Weaving can zoom along when I use those extra heddles. I have used up to eleven of them when I have needed to quickly knock out a strap or lanyard.

It’s fast and could almost be boring if I didn’t have to busy my mind with remembering which heddle came next in the sequence. I found color coding useful.

And then there’s this…! Those are all heddle rods. This lady certainly knows how to weave a complex pattern without having to do pick-up.

I spent a lot of time watching this lady weave and realized that figuring out the next heddle in the sequence was not a visual thing for her but rather a matter of ”feel”. She could tell by the way the sets of heddles moved along the warp which one was next. The  heddle sets she had already used would slide freely. The next one in the sequence would resist.

Now I am going to take my own advice again and set up a couple of small weaving projects that I can play with as ”rewards” for time spent at the keyboard working on the book. I have been advising a friend who is moving house to take time out and reward herself during the tedious packing-up process. When you live alone, like I do, and don’t have encouragement and support immediately around you, the rewards system seems to work well. I might weave the fabric for some hair barrettes (yes, the going-grey plan is still in action) and add some new pieces to my woven jewelry collection.

Until next time….






  1. You are amazing. So much energy.

  2. As always, Laverne, I love your work. The hand spun cotton sample looks amazing. I really like the the idea of color coded heddles, I’ll need to get some different colored nylon now. I am looking forward to the new book. Can’t wait to add it’s techniques, patterns and tips to the rest of them I’ve learned from you. Take and happy weaving.

  3. Your cotton is looking very good! It’s not easy to spin singles for weaving, so you’re right to give yourself more time. Kristin is the master, if you ever have a chance to sit at her knee.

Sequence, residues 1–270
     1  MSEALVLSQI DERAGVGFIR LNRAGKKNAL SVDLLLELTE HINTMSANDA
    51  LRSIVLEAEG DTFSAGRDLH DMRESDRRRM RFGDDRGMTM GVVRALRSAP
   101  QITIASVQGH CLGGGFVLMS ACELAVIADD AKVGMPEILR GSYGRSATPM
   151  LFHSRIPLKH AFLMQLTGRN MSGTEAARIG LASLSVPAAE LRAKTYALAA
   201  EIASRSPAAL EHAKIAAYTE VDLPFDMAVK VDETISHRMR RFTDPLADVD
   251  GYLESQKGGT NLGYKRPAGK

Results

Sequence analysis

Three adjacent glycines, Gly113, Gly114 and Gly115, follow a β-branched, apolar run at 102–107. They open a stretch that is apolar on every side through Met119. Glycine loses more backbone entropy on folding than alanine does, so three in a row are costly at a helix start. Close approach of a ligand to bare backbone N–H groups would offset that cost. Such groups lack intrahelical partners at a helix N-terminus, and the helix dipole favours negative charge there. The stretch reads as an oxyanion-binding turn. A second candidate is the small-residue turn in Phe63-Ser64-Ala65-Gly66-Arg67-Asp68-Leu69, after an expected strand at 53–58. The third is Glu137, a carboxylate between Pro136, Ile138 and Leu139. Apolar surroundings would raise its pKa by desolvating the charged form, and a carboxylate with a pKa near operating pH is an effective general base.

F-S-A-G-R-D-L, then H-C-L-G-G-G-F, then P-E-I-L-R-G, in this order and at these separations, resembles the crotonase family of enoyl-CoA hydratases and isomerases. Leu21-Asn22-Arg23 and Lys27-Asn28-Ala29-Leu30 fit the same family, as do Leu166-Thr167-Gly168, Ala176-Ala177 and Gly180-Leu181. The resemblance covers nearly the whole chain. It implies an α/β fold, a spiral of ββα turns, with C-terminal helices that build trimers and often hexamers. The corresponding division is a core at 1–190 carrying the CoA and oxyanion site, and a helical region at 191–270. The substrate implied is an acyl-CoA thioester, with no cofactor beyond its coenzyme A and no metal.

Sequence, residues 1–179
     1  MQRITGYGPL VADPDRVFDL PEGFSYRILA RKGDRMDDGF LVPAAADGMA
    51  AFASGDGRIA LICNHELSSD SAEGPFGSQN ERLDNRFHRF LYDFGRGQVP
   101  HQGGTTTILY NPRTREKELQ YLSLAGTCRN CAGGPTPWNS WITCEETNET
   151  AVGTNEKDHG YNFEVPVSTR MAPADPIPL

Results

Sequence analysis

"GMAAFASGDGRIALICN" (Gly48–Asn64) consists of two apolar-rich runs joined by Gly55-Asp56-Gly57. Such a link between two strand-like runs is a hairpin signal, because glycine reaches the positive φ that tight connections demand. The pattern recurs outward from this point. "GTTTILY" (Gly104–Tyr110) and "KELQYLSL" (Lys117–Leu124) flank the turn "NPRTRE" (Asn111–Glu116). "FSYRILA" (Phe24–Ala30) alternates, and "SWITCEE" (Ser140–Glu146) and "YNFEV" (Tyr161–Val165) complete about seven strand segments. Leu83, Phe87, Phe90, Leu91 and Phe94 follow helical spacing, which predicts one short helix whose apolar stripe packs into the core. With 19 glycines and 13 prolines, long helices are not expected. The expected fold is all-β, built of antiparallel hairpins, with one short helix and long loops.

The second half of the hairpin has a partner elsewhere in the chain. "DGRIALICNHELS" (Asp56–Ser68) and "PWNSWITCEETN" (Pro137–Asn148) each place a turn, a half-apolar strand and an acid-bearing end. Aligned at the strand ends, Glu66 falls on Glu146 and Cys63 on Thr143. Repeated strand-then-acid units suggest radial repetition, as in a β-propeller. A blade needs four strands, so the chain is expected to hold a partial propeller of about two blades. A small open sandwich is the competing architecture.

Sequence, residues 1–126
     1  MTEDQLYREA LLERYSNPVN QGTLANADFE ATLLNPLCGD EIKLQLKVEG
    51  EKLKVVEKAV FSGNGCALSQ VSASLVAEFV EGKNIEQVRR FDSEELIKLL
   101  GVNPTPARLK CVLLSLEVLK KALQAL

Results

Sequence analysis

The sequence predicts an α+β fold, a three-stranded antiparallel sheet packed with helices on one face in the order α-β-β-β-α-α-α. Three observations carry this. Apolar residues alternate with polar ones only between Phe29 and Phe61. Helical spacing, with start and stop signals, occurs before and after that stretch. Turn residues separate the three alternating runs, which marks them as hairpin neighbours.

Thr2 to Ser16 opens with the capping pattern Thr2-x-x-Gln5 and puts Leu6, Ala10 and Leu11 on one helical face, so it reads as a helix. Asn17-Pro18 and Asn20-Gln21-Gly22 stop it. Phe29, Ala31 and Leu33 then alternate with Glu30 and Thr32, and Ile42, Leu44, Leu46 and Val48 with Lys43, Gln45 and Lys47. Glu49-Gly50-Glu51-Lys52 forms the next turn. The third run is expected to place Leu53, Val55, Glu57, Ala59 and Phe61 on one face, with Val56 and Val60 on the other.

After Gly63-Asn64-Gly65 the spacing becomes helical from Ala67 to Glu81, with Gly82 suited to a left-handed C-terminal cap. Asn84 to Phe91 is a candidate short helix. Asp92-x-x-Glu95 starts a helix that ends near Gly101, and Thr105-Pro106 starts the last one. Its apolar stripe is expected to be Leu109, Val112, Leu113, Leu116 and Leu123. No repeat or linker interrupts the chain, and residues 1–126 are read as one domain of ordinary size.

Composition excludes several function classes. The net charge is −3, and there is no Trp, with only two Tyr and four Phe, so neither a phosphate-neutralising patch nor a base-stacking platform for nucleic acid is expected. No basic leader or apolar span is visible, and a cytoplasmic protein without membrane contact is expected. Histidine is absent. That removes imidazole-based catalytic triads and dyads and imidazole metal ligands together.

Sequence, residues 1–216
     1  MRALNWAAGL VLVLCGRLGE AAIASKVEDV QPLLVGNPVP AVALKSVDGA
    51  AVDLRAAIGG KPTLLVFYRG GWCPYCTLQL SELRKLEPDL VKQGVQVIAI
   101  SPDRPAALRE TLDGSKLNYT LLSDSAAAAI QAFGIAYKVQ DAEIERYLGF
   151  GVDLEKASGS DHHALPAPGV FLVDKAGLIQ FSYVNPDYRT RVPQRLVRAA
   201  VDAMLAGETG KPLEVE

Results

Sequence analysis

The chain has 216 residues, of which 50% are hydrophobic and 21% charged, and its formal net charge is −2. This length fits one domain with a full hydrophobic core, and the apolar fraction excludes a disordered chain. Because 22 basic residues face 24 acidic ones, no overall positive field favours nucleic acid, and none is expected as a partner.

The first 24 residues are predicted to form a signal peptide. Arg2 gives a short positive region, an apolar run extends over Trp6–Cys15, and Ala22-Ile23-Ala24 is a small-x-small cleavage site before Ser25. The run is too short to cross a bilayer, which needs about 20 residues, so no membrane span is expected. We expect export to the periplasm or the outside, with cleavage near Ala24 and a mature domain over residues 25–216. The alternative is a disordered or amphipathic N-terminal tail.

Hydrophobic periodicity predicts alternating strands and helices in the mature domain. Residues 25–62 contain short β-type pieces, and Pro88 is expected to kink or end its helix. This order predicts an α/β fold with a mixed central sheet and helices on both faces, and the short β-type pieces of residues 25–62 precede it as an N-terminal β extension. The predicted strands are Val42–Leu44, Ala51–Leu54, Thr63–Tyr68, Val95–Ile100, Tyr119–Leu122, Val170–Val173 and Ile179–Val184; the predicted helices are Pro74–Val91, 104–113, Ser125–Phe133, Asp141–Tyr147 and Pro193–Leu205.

And the heddles – I just finished a small sample using saver sticks and heddled pebble sheds for an all-over ñawi-ñawi, highlighted in an Ed Franquemont article. It was fun to pick up only once for every 8 rows.

    I wish I could document and share all my experiments as thoroughly as you do…. I’m very reluctant to sit around typing it all up.
    But it’s happening, all the same.

  4. Beautiful work as always. Thanks. Can’t wait to learn some of these Hi.

  5. I look forward to your blog posts. I understand how you are having trouble with spinning cotton too. It is very different from spinning wool!

    Have you done anything with spinning and weaving linen? I am researching how to weave it and the reasons for wet weaving. I have all sorts of weaving ideas percolating in my head. I see that you do too! Great minds, right?! 😊

    I am happy to see how full and active your life is, so there is never a dull moment!

  6. The use of those multiple heddles is quite intriguing! I love your little bag and the matching strap you made. This is funny…I was just sorting through a bag of buttons and beads to find something to use in a mask workshop that I am attending, and I have a button that is exactly the same as the one on your bag!
    Sounds like you are making good progress on your book – along with many other people I am looking forward to it!
    Thanks for another interesting and inspiring post!